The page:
INDIANAPOLIS -- State and federal investigations are underway into the Indiana Transportation Museum – known best for the long-running State Fair Train and the Polar Bear Express.
Call 6 Investigates learned volunteers blew the whistle on alleged mismanagement of money and failure to maintain records by the museum.
Seven long-time volunteers at the museum tipped off investigators to the alleged acts by the museum's board of directors.
Tom Nichols is one of those volunteers. He spent 16 years volunteering at the museum, and is the former head of the operations board. That was before he was fired from his volunteer position along with the other whistleblowers.
"We were notified in mid-March, both by an email, then by certified letter that the actions we took constituted as a hostile takeover which could not be tolerated, and it was against, in their opinion, the rules of the museum, so they had no choice but to terminate us permanently and immediately," Nichols said.
Nichols was reluctant to talk at first, saying he didn't want to bring a "bad light" to the museum. But he eventually agreed to share his story of volunteering at the museum.
"The real red flag was financial reports not always agreeing with what the dispatcher's reports were showing in terms of the ridership and just the secrecy surrounding everything," Nichols said.
The letter from the whistleblowers alleges wrongdoing by the museum's board of directors, including questionable financial practices, failure to maintain timely and complete records and an inability to properly manage the museum.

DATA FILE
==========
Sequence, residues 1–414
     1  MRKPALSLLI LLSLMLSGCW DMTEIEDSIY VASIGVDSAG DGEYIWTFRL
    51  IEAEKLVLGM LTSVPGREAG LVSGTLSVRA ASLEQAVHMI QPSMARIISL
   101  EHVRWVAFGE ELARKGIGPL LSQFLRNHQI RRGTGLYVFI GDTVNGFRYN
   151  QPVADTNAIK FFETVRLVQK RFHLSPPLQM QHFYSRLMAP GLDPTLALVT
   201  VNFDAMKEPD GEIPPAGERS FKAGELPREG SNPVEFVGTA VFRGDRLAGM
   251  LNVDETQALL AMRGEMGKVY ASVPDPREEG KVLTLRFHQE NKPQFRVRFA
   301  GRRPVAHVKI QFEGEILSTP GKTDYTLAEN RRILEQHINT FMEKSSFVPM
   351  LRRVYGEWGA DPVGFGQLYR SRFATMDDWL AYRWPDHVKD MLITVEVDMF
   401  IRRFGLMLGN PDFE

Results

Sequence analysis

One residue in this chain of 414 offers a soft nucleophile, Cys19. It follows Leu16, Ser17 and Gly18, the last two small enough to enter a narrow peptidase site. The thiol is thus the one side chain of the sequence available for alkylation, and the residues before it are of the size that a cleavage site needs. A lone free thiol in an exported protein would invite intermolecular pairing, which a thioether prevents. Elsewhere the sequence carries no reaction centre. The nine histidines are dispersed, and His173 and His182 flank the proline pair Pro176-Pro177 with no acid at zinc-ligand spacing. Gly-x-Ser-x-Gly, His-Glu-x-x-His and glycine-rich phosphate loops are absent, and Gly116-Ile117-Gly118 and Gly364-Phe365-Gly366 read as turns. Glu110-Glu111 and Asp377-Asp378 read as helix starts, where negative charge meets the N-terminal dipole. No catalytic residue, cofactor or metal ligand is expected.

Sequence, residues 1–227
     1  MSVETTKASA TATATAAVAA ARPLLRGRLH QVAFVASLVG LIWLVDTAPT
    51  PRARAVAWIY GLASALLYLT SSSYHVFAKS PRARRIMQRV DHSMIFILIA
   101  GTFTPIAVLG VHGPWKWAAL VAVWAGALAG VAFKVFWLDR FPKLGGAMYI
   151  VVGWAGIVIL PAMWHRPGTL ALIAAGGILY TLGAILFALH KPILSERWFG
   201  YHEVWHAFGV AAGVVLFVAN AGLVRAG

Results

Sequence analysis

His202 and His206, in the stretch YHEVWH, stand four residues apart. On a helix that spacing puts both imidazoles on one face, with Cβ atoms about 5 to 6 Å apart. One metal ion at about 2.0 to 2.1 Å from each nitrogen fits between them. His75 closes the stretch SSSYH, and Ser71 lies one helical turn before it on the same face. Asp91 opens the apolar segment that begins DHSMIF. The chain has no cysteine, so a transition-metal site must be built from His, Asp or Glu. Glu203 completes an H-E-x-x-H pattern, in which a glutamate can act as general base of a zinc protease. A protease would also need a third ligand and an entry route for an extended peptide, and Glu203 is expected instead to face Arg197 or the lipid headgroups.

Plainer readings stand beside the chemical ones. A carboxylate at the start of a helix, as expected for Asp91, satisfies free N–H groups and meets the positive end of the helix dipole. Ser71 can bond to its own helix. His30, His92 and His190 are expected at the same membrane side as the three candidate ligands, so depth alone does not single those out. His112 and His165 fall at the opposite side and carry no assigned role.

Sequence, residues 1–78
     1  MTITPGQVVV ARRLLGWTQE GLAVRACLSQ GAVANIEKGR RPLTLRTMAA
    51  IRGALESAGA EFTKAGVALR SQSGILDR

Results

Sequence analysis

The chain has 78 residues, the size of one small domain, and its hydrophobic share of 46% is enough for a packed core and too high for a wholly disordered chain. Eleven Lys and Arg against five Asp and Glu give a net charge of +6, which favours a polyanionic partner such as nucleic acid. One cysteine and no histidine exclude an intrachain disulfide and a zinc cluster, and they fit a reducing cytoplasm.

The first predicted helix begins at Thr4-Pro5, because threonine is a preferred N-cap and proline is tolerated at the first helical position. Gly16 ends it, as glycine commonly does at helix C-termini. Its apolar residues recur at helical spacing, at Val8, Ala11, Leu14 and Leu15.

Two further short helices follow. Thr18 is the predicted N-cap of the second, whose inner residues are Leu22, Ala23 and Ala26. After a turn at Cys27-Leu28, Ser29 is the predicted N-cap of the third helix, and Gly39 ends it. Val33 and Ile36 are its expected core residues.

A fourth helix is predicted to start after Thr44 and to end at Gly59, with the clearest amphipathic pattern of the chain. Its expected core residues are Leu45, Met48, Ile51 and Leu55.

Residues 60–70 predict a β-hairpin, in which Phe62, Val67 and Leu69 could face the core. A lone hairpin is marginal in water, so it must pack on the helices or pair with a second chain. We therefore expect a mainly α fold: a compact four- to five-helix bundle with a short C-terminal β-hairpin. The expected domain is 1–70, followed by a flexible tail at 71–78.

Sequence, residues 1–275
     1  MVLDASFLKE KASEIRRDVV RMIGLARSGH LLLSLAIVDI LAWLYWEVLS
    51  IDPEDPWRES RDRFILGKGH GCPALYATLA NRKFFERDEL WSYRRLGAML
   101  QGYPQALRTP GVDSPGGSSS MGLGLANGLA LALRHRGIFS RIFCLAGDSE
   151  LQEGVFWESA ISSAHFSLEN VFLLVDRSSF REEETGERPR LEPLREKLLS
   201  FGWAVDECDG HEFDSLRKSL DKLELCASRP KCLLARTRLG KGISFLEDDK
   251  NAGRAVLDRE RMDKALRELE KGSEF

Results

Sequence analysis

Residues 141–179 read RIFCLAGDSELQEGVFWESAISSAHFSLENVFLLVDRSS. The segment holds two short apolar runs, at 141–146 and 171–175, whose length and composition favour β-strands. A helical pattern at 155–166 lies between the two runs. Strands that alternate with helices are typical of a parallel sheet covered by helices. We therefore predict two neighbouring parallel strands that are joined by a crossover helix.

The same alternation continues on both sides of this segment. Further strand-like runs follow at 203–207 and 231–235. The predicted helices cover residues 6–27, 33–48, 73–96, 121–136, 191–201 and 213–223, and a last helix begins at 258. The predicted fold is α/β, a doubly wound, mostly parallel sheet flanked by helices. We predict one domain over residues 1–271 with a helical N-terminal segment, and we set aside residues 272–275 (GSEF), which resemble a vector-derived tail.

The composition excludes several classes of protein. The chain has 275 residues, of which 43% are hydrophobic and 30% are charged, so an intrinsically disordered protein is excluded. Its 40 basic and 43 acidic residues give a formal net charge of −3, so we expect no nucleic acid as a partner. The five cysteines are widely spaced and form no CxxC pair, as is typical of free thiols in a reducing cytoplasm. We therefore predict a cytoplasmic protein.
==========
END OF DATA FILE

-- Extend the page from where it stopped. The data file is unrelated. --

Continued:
But even though the museum has a whistleblower protection section in their general volunteer manual, the group of seven was still fired.
"It was a huge punch in the gut," Nichols said.
The letter was also sent to the attorney general and the railroad's owner, the Hoosier Heritage Port Authority. It was after the letter that the HHPA decided to call in the Federal Railroad Administration to review the museum's operations, specifically because of one point on the letter.
The HHPA says because of the allegations of failing to maintain records on the train's operations forced them to suspend ITM from using the tracks.
At the same time, the attorney general started investigating the museum, and Call 6 has learned that there are four ongoing, independent investigations into the museum's board of directors.
Call 6 Investigates tried for weeks to get a response from the museum. Eventually, a response was sent Monday night.
In a letter, the museum's directors say the allegations made by the whistleblowers are completely untrue. They also referred to the dismissal of the volunteers as "housecleaning."
The HHPA says it will gladly reopen the line as soon as the museum cooperates with investigators.